The Science and History of Adult Stem Cells

Dr. Max Gomez

Dr. Max Gomez

Dr. Max Gomez

Medical Correspondent, WCBS News
Member of the Board of Directors, The Stem for Life Foundation

Many scientists and medical professionals around the globe are working tirelessly to raise awareness of the potential for stem cell therapies to end the suffering of millions. But for those of you who are new to the subject, let me explain where we are today in the field of adult stem cell research, and share some of the milestones and achievements along the way.

The term “adult stem cells” is a scientifically imprecise, possibly even misleading, term since these cells are actually found in infants as well as adults. We use “adult stem cells” as a kind of shorthand to reference a variety of cells, in fact almost any stem cell that is not a true embryonic stem cell. Adult stem cells are found in virtually every tissue and organ of the body, from bone marrow and brain, to fat, teeth, heart, gut and liver. What makes these cells exciting is that they have the remarkable capacity to transform or become any number of different cell types, with some limitations.

The term “stem cell” first appeared in scientific literature in 1868 in a paper by German biologist, Ernst Haeckel. Over the next few decades, the concept of a stem cell evolved to mean early stage cells that can divide and self-renew indefinitely to produce more stem cells.

Moving into the modern history of stem cells, in 1957, human bone marrow transplants were pioneered by Dr. E. D. Thomas. At the time, Dr. Thomas didn’t realize that it was actually stem cells in bone marrow that made the transplants successful. In 1961, Drs. James Till and Ernest McCulloch proved the existence of stem cells and later showed that blood cells come from what came to be known as hematopoietic, or blood forming, stem cells. In 1986, Drs. Andrew Lassar and Harold Weintraub converted rodent fibroblasts (connective tissue cells) directly into myoblasts (muscle cells) demonstrating that one type of adult cell could be converted into another type of adult cell. Scientific development continued until 2007 when Wake Forest and Harvard scientists announced that stem cells from amniotic fluid resemble embryonic stem cells in their potential to become various different tissues. The researchers turned these stem cells into brain, liver and bone cells.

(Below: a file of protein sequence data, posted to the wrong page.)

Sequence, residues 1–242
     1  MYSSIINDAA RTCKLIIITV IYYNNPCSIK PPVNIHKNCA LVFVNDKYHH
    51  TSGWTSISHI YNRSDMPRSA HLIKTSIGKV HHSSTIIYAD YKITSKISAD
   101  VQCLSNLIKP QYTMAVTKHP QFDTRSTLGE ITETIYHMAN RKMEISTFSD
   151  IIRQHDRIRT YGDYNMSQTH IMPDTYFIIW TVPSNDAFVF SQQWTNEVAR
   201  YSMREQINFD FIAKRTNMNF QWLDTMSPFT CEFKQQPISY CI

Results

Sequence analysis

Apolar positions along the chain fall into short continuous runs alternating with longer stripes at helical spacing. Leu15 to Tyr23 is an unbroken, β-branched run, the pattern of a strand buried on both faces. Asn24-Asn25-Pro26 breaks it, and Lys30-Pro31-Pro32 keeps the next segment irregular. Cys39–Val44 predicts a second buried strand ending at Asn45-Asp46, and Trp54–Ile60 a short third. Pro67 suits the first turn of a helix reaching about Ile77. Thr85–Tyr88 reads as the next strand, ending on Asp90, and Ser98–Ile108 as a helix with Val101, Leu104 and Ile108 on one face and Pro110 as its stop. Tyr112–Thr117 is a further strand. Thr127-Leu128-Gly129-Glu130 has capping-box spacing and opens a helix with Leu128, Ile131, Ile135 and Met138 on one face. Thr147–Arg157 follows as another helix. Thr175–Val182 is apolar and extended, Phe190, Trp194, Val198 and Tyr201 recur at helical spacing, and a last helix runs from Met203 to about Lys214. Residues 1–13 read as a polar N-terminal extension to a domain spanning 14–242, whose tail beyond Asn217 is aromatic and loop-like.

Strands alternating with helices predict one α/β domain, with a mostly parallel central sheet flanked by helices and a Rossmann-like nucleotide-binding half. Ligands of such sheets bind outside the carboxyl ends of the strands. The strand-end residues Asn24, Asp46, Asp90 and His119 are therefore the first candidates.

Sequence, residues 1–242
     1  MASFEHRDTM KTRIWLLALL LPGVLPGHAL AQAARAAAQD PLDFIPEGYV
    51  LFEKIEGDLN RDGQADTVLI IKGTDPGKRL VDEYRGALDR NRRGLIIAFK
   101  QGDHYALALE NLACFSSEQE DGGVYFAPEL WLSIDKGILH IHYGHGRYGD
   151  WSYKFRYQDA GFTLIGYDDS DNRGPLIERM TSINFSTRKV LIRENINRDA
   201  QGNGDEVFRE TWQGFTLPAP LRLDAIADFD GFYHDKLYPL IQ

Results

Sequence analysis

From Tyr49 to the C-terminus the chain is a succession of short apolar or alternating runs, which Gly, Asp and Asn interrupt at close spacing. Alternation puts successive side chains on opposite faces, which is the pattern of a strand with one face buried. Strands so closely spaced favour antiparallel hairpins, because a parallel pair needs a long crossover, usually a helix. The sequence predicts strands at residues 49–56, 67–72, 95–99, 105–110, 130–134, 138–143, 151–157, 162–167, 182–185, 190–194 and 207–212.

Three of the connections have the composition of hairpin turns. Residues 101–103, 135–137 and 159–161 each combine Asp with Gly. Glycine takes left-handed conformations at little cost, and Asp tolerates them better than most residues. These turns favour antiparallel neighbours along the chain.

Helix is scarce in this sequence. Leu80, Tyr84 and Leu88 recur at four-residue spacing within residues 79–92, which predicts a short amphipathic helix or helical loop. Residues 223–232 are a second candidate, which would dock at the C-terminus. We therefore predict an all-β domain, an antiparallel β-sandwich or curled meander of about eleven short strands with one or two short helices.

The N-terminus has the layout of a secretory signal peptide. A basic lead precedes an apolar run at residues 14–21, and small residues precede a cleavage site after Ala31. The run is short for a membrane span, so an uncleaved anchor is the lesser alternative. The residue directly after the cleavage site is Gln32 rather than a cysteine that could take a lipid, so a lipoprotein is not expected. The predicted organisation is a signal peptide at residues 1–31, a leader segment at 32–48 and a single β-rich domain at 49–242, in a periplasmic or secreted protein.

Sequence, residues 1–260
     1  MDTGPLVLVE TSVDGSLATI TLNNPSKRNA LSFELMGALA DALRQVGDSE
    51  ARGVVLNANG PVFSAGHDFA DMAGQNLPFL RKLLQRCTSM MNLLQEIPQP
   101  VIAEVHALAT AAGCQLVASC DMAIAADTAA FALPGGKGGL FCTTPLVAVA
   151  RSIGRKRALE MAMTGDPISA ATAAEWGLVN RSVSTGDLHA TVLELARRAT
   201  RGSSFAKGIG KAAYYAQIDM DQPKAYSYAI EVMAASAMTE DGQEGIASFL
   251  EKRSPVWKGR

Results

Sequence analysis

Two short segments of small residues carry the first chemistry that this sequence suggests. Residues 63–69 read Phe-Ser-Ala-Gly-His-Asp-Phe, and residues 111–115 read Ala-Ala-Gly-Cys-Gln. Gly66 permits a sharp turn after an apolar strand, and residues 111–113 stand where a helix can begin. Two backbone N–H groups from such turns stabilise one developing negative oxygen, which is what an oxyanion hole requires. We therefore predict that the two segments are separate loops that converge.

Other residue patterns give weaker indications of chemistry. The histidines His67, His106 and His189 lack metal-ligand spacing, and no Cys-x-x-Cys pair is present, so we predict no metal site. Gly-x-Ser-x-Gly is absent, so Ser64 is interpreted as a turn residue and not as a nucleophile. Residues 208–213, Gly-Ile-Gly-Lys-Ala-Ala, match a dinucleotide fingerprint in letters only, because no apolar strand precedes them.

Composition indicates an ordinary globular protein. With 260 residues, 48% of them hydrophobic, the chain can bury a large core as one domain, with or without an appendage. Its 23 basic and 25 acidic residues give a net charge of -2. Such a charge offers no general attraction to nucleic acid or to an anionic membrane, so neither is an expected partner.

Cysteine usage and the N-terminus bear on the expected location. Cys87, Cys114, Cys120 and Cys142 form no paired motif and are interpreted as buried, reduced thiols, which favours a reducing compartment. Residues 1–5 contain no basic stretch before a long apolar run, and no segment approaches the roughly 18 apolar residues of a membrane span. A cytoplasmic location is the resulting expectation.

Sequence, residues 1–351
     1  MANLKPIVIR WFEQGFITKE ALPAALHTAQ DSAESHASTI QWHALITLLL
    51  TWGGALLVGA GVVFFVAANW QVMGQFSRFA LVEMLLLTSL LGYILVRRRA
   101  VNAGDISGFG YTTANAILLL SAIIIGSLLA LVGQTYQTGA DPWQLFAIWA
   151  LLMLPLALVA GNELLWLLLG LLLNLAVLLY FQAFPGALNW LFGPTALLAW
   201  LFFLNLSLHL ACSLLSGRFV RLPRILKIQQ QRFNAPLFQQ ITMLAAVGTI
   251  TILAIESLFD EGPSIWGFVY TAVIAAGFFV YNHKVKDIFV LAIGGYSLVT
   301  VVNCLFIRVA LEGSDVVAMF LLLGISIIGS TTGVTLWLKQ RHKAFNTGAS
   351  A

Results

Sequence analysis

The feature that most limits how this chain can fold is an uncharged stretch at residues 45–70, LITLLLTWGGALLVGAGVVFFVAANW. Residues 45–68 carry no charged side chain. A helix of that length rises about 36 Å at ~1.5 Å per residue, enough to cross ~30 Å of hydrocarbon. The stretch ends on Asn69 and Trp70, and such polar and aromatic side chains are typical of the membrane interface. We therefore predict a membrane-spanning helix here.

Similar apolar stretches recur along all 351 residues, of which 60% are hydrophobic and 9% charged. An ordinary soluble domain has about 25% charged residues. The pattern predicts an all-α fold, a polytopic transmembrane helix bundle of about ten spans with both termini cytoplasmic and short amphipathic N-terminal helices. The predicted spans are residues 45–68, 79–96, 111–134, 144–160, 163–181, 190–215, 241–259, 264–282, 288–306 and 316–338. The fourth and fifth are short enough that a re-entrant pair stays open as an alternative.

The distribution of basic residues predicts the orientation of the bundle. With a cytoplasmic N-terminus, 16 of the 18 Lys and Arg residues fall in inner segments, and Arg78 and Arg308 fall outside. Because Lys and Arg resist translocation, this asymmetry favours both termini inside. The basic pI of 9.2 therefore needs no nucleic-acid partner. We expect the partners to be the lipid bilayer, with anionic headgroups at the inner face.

The same year Drs. Shinya Yamanaka and James Thomson independently reported reprogramming adult skin cells into embryonic-like cells using viruses to insert specific genes into the skin cells. These induced pluripotent stem cells (IPS) cells have been coaxed into becoming beating heart cells and nerve cells. In subsequent years, scientists developed other more efficient and possibly safer ways to create IPS cells, as well as transform them into other cell types.

The pace of discovery has accelerated in recent years as stem cells have moved into clinical practice. In 2008, a team of doctors transplanted a trachea grown by seeding a donor windpipe with the patient’s own bone marrow stem cells, thereby preventing rejection. Three years later, a fully synthetic trachea was transplanted, made by covering a biodegradable scaffold with the patient’s own stem cells, showing the potential that donor tracheas may be unnecessary one day. In recent years, stem cells have been used to grow bladders, blood vessels, heart valves and functional mini livers raising the possibility of made-to-order replacement body parts.

The past five years have seen dozens of other potential clinical uses for adult stem cells. In the heart, adult stem cells have been shown to improve cardiac function in patients with congestive heart failure and ischemic heart disease. Adult stem cells are being used to heal heart muscle scarring, treat unstable angina and prevent worsening of heart function after heart attacks. Stem cells from bone marrow and placentas have treated peripheral artery disease and limb ischemia, preventing amputations. In the nervous system, adult stem cells have been used to stop the progression of multiple sclerosis and lupus through a procedure that resets the immune systems into tolerance. Umbilical cord, bone marrow and olfactory stem cells have helped cerebral palsy and spinal cord injuries. And early work looks promising in the areas of Alzheimer’s disease and other neurodegenerative diseases.

In orthopedics, adult stem cells have healed shattered bones, prevented hip replacements and grown new bones for dental applications. In a surprising development, blood stem cells succeeded in curing an HIV positive patient by replacing his T-cells with stem cells that are naturally genetically immune to the virus. Researchers have been using adult stem cells to successfully treat type 1 diabetes, a major public health problem.

But out of all of this successful scientific investigation, the real reason we care about stem cells is because of what they can and will be able to do for real people, and the countless patients struggling with difficult diseases. The revolution is just beginning.